One afternoon I invited the young people to join me in a focus group on the topic of "What should Catholic sisters be doing at this time of great ecological and cultural breakdown?" About 20 of them attended the session, many of them not familiar with sisters but clearly open to learning more. There were five Catholic "Sisters of Earth" attending the course, so we already had been rubbing shoulders and eating meals together for four days. The other sisters present were Sr. Celine Payyapilly , an Indian Medical Mission physician from Pune; Sr. Aquinas Qedassery, an Indian Holy Cross physician working among the indigenous tribal peoples (Tribals*) in Orissa; Sr. Corinne Sanders, a member of Adrian Dominican Sisters General Council from Michigan; and Sr. Bernadette Bostwick, co-founder of the Green Mountain Monastery in Vermont.
The young people asked many questions about the Earth care works of Catholic sisters, and were most affirming of us. Several enthusiastically invited us to come and work with them in their communities! They admired our life commitments to communal and simple living, to spirituality and to healing service to Earth and others. Some asked if they could come and visit us in our ministries.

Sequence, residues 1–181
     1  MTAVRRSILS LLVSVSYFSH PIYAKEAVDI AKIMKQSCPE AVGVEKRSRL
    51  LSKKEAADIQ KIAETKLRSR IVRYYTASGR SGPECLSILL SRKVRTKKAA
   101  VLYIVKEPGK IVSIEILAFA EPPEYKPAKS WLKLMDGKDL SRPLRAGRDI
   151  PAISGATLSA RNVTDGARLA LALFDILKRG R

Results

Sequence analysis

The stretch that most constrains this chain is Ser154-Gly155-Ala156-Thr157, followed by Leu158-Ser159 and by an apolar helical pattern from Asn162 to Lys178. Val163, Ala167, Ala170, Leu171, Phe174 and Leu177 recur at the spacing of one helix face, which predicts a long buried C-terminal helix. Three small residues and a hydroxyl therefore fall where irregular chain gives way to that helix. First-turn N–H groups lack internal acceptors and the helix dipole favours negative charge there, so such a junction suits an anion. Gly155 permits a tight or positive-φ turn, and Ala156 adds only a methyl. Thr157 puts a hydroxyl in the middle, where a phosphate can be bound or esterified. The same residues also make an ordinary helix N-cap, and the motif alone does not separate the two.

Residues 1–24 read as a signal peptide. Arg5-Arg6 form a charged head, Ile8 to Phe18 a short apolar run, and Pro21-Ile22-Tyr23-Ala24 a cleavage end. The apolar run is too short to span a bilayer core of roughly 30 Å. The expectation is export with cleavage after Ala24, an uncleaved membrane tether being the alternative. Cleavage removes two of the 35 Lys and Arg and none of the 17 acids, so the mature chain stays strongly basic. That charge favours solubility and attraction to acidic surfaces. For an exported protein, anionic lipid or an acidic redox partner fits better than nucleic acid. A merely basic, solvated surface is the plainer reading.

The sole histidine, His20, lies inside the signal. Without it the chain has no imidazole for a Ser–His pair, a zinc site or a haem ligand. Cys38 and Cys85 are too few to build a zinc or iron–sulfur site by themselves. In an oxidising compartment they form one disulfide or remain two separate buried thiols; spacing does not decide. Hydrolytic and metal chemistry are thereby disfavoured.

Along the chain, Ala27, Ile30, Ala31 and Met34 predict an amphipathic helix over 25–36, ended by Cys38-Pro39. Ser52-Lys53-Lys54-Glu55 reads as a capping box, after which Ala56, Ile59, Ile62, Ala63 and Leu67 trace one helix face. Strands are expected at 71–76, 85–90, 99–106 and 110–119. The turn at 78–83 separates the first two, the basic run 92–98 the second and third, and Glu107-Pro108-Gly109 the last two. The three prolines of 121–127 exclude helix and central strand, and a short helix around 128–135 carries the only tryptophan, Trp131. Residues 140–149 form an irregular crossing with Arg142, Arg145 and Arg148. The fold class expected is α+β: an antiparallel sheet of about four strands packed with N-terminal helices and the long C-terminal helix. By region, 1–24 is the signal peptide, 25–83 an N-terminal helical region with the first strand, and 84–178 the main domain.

It was an unexpected source of hope for me to engage with these diverse young people who expressed their desire to work for a world where compassion exists instead of violence. They reject the global "greed and grab" economy that Vandana critiqued, and they expressed gratitude for the care and compassion modeled by Vandana, Mira and the sisters. Their willingness to choose careers and lifestyles that heal, rather than rupture Earth communities, continue to inspire me as I reexamine my own ministerial work.
As I left Navdanya to visit Tarumitra, a Jesuit biodiversity center in Patna, I did so with excitement for the future – and a new desire to intentionally create support systems for young adults who are responding to today’s ecological – and spiritual – threats. They are the ones who will design the inclusive ecological civilizations of the future. They are the ones who understand their evolutionary origins with all that exists. They are the ones consciously allowing the Universe to emerge through their creativity and self-giving. They are the ones I want to mentor and support so that their seeds of hope become reality for all that exists.
* Cultural groups of people who live in the forests and in the undeveloped areas of India (usually along the coasts) are called “tribals.” That word is even used in certain legislation in India that alleges protecting the rights of “tribals.”
A live stream recording of an interview I did with Vandana Shiva while at Navdanya on the role of Catholic Sisters and Earth / Human Rights can be found at here at the Adrian Domincans site.
[Patricia Siemen, OP, JD, is a Dominican Sister from Adrian, Michigan, and a civil attorney who works to protect the long-term ecological and spiritual health of humans and all members of the Earth community. She is director of the Center for Earth Jurisprudence at Barry University School of Law, Orlando, Florida.]